I understand that there are different ways to determine one’s college readiness. I know that, as part of the college application process, you submit resumes highlighting your extracurricular accomplishments. As much as I would love for the majority of schools to primarily focus on this, along with the college essay, this is not how things are. When it comes down to it, those with the higher Standardized Test scores are the ones getting into the top tier schools. Those with the unbelievable work ethic whose Standardized Testing performances are, unfortunately, being hindered by any variety of factors are the ones who must compromise their dreams and attend lower tier schools. Those who have the capacity to handle a traditional, rigorous curriculum, they are robbed of the education they deserve. Of course, there are many who work extremely hard to achieve a high score on Standardized Tests. I am in no way discounting their work ethic; in fact, I am commending it. That being said, there are also those who are not as serious, not as devoted to the expansion of knowledge, but are unshaken by time constraints and are able to perform on tests of raw intelligence; they are the ones stealing what others deserve. As John Locke stated, we are all born with a tabula rasa. Those students aren’t born thieves. Their thievery is developed. Their thievery is not only accepted, but it is encouraged by today’s educational system. Standardized Tests serve as both a public endorsement of thievery, as well as an aid to it.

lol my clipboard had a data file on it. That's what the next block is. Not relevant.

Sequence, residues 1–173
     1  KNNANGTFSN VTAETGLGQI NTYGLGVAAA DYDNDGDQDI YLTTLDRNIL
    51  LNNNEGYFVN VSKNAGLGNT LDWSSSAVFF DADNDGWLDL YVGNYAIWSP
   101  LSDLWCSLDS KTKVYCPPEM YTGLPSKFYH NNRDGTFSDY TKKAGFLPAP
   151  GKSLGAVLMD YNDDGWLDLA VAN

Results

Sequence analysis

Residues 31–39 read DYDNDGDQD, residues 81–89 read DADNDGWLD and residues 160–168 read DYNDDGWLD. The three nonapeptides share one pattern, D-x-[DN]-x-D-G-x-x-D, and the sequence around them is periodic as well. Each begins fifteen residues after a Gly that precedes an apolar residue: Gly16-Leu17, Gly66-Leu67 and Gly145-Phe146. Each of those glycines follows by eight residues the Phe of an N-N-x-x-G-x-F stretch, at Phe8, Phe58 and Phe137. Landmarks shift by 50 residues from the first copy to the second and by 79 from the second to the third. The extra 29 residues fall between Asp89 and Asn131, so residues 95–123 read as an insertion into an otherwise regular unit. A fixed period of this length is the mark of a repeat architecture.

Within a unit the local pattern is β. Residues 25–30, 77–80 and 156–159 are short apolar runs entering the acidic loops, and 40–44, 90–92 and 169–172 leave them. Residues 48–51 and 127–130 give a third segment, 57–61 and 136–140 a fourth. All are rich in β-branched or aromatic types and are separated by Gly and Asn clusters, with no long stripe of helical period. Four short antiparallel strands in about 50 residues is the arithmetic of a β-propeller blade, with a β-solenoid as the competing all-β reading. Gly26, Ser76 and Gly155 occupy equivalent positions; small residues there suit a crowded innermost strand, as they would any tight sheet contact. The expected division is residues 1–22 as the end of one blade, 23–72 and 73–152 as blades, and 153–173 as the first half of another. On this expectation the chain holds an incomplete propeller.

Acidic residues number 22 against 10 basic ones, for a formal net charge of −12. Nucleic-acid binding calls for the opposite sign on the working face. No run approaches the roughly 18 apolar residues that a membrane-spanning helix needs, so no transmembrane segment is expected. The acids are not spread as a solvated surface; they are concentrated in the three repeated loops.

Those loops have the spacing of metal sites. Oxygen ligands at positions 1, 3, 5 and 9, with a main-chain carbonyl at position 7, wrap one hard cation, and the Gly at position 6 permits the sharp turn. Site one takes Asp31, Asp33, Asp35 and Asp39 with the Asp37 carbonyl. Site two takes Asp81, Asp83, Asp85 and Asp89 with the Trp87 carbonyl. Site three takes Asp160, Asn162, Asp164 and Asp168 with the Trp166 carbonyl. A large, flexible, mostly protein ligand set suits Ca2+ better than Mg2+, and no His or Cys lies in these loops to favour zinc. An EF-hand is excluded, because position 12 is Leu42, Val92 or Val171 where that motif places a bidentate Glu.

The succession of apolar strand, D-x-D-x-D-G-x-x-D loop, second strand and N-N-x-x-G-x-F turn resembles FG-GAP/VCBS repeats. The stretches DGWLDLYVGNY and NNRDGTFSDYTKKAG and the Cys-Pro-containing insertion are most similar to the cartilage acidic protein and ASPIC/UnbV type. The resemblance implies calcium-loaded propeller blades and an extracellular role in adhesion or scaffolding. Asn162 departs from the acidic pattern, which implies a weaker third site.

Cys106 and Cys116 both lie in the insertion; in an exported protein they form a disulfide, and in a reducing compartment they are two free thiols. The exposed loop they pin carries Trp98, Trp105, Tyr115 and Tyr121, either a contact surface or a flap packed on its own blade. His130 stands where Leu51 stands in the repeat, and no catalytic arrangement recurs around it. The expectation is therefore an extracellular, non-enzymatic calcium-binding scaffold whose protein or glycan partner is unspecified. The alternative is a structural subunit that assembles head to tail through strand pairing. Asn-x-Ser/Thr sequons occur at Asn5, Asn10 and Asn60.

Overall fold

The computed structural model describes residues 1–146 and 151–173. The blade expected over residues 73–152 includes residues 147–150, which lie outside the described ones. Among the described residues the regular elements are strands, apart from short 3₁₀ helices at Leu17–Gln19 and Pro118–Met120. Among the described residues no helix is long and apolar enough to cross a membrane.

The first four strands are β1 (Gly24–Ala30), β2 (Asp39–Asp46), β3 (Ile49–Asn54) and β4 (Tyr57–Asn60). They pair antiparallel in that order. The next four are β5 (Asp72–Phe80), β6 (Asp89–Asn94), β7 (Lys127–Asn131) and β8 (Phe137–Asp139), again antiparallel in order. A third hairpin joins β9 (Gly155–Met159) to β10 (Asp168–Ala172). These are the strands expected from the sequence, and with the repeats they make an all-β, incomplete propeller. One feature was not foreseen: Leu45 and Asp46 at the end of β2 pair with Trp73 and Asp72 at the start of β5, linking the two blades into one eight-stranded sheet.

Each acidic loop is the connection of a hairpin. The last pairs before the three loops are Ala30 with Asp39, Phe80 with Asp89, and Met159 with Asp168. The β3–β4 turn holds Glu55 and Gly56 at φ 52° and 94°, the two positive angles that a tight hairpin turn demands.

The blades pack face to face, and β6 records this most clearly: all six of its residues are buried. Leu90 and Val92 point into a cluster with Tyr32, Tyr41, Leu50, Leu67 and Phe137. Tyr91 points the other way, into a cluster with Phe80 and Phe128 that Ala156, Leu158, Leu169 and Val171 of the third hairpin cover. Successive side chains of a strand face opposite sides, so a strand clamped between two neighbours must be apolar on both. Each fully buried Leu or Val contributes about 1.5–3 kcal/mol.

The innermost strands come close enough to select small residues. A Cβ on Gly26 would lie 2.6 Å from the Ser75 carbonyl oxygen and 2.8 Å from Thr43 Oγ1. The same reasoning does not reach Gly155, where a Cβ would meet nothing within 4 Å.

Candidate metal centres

There is no telling what my final results will be on my Standardized Test of choice. I will work to improve my score because I have, albeit uneasily, come to grips with the fact that a high score is the only way I can achieve my goal of getting into a top tier college. I have come to grips with the fact that I do tend to underperform under time constraints. I do tend to underperform on these tests because I do not possess the kind of raw intelligence that said thieves do. What makes me a top-notch student, what makes me every teacher’s dream, is my impeccable work ethic and my everlasting love for the expansion of knowledge. The fact that those attributes, my personal favorite attributes, are ignored is nothing short of a travesty.
So yes, I am pissed off. I don’t want to prepare for another tragedy. Even if I end up with a 1600 or a 36, I won’t feel as if my intelligence was accurately assessed. Even if I open up an acceptance letter from Harvard, I will still feel cheated. I will still feel that everything I worked for in my four years of high school meant nothing. What’s even worse, I will feel like a thief, aided by an unjust, unacceptable educational system.
There are millions of more thieves to come if something doesn’t change.